The December 2017 Thomas Fire, which burned nearly 282,000 acres in Ventura and Santa Barbara counties, destroyed 1,063 structures. At the time, it was the largest wildfire in California by acreage since at least 1932; since then, however, seven wildfires have each consumed more acreage.

Six weeks later, in January 2018, after an intense downpour, mudslides started on slopes burned by the Thomas Fire; as the slides roared into the Montecito community in Santa Barbara County, they damaged or destroyed more than 400 homes and killed 23 people.

Southern California Edison’s own internal investigation and the Ventura County Fire Department both determined that SCE’s equipment likely sparked one of two ignition points for the Thomas Fire, on Koenigstein Road east of Ojai.

Then in November 2018, the Woolsey Fire burned nearly 97,000 acres in Los Angeles and Ventura counties, destroying 1,643 structures. Investigations by the California Public Utilities Commission and the Ventura County Fire Department pointed to Southern California Edison equipment having a role in triggering that fire.

In the months and years since these fires and related events, thousands of damage claims have poured into Southern California Edison. As more claims came in and as more settlement agreements took shape, Edison executives kept upping their total financial impact. In mid-2021, the figure stood at about $6 billion, with a major upward revision later that year bringing the total to about $7.5 billion.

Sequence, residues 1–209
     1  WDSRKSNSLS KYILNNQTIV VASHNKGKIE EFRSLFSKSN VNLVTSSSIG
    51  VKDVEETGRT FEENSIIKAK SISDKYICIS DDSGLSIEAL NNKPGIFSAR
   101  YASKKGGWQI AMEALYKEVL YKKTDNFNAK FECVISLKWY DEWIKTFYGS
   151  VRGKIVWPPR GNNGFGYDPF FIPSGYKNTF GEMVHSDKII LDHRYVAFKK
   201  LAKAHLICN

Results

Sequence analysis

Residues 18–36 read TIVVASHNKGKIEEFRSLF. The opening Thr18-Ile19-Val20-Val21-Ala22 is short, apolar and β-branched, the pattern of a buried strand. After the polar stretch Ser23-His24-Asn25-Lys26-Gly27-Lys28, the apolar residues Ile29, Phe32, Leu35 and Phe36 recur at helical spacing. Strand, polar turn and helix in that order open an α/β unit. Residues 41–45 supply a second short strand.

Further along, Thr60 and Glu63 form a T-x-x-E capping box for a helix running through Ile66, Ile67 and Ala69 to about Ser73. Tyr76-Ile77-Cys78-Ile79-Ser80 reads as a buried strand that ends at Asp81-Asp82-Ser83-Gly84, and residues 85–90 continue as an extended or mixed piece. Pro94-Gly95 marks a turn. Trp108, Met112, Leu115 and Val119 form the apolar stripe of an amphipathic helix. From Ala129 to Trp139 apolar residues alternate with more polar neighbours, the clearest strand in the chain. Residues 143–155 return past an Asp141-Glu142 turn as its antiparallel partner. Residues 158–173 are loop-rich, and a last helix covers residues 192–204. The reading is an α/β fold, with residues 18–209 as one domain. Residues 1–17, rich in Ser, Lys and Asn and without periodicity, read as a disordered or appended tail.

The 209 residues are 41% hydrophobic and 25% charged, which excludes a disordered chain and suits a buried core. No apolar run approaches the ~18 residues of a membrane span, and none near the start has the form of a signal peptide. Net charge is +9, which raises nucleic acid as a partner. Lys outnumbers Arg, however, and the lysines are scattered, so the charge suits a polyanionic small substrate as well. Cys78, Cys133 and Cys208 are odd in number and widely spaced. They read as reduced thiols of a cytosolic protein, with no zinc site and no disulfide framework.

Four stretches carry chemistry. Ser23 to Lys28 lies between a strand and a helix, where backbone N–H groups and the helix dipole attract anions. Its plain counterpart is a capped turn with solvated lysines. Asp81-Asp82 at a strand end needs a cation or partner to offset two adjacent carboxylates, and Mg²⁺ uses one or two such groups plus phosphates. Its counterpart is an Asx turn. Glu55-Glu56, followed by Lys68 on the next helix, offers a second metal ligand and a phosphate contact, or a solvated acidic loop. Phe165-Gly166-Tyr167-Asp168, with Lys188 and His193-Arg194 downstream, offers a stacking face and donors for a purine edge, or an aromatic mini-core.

In its most recent earnings report, Edison upped the loss figure again by $65 million to $9.4 billion, with a total of about 12,000 claims resolved. And that figure could still go up: the final deadline for Woolsey Fire claims resolution packages was last month and Edison executives were still evaluating the responses from the estimated 1,300 outstanding Woolsey Fire claims.

With the exception of one claim settlement that came in significantly larger than expected, Pizarro told analysts during Edison’s most recent earnings teleconference call that “overall claims are settling in line with expectations.”

Who will pay the claims costs?

As the claims settlements mounted, Edison took a series of write-downs, with the largest being a $1.8 billion charge against earnings in the fourth quarter of 2018. More recently, though, Edison has entered the long regulatory process with the state Public Utilities Commission to try to get $6.4 billion of these losses covered through several years of surcharges on ratepayer bills.

Hundreds of lawsuits have been filed against Southern California Edison seeking damages from the Woolsey Fire.